Transparency International states:
“Lobbying is an integral part of a healthy democracy, closely related to universal values such as freedom of speech and the right to petition of government. It allows for various interest groups to present their views on public decisions that may come to affect them. It also has the potential to enhance the quality of decision-making by providing channels for the input of expertise on increasingly technical issues to legislators and decision makers. According to a 2013 survey of 600 European parliamentarians and officials, 89 per cent agreed that, “ethical and transparent lobbying helps policy development”.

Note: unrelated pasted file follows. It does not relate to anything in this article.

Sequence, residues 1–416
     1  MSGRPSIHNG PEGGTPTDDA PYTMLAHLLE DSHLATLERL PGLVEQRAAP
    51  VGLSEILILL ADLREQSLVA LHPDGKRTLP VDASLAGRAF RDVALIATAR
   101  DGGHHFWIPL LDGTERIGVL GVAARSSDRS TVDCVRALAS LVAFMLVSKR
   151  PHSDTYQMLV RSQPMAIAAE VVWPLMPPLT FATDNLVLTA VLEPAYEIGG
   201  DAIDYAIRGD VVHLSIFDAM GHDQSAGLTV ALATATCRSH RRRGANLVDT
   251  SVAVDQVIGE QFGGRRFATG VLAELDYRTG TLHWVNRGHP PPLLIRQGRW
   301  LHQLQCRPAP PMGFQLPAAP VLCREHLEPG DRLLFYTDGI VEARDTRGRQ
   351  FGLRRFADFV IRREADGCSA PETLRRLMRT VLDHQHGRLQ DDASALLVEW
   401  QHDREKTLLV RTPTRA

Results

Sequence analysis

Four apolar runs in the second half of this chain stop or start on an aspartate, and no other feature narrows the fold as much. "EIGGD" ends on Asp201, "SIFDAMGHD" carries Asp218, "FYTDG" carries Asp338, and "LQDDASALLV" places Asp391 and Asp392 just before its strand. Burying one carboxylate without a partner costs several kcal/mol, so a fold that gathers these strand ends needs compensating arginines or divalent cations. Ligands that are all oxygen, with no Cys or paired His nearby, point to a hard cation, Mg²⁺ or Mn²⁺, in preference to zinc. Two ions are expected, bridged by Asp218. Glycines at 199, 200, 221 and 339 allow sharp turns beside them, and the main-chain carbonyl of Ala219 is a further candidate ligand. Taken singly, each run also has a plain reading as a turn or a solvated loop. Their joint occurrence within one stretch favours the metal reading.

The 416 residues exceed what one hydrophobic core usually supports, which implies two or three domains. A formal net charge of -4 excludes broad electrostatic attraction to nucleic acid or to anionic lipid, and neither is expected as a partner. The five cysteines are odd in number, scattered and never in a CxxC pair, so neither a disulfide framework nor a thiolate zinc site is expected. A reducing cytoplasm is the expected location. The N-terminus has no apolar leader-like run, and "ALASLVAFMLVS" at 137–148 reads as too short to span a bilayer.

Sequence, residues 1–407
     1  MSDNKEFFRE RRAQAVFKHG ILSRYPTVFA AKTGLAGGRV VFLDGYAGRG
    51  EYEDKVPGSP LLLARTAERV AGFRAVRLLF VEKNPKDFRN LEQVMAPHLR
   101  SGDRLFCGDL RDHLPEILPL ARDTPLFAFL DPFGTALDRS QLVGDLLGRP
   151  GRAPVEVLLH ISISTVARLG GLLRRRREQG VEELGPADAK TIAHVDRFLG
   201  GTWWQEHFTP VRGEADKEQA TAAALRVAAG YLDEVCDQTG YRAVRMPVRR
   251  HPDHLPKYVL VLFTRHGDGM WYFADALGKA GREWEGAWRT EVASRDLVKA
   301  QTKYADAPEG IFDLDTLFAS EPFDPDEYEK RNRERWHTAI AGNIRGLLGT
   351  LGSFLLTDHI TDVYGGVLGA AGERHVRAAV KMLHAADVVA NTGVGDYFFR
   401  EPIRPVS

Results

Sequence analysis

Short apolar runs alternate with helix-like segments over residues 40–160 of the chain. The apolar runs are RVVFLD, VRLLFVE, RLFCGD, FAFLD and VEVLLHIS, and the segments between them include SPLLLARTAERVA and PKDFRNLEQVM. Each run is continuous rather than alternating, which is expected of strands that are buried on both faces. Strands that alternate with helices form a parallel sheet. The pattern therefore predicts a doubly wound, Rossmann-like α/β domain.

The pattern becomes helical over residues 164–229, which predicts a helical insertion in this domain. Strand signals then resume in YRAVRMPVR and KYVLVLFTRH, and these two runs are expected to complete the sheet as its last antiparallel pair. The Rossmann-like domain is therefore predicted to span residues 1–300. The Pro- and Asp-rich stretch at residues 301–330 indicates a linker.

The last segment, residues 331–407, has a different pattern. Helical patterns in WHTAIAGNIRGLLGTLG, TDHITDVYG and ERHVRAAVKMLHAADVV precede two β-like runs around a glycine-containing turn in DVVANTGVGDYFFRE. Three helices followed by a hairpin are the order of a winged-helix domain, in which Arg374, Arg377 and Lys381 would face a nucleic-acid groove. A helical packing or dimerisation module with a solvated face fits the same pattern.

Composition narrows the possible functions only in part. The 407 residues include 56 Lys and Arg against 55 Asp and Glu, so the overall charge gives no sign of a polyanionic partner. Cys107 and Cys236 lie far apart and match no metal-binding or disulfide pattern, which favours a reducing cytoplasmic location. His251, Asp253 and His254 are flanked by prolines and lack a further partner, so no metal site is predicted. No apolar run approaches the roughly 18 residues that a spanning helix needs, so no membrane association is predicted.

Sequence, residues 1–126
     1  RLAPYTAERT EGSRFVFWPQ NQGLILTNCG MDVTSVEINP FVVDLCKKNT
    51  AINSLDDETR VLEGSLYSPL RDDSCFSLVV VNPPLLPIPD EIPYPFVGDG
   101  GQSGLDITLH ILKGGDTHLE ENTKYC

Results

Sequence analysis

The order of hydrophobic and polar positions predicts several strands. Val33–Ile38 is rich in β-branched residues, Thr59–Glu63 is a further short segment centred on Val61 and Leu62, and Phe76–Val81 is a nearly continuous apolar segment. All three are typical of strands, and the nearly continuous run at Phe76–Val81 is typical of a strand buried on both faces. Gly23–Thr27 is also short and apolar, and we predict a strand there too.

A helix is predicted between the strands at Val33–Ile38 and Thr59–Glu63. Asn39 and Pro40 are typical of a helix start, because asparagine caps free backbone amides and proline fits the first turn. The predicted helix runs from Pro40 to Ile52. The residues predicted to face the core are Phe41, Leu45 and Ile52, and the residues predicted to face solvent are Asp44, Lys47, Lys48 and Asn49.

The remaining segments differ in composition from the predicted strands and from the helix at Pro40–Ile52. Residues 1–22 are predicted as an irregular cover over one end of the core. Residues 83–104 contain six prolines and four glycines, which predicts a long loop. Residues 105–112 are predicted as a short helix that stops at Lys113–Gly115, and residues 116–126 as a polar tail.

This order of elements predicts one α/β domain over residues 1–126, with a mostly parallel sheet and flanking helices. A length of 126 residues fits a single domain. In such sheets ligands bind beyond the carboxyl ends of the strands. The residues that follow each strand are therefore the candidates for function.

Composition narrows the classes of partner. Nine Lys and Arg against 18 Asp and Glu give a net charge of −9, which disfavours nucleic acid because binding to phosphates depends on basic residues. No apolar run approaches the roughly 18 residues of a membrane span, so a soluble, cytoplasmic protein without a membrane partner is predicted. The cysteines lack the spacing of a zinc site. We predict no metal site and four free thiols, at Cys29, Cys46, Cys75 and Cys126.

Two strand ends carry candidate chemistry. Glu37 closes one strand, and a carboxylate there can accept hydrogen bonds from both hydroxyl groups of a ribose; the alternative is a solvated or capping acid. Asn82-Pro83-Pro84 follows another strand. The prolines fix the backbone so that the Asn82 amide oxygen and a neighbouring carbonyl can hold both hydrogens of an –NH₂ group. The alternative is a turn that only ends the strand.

This is the link to TI’s report where they make the statement: https://transparency.ch/wp-content/uploads/2017/08/2015_LobbyingInEurope_EN.pdf
I do not agree with TI. I do not believe lobbying is an integral part of a healthy democracy. It may be an inevitable part but it is not healthy.
The reasons are obvious; lobbying is a way for interest groups to push their agendas by directly influencing elected politicians. By this influence lobbies expect the politician to pay special attention to the interests of the lobby. By definition, the interests of the lobby are not the interests of the public in general. If that was the case lobbyists would leave the politicians alone to govern for the people as best they see fit.
But the lobby is not interested in that because lobbies pursue interests of groups, not the general interest.
A business lobby may be interested in allowing massive immigration because if more people compete for jobs labour will be cheaper. A labour lobby may want the opposite, even if excessive restrictions of immigration make wages excessively high and products too costly for other wage earners.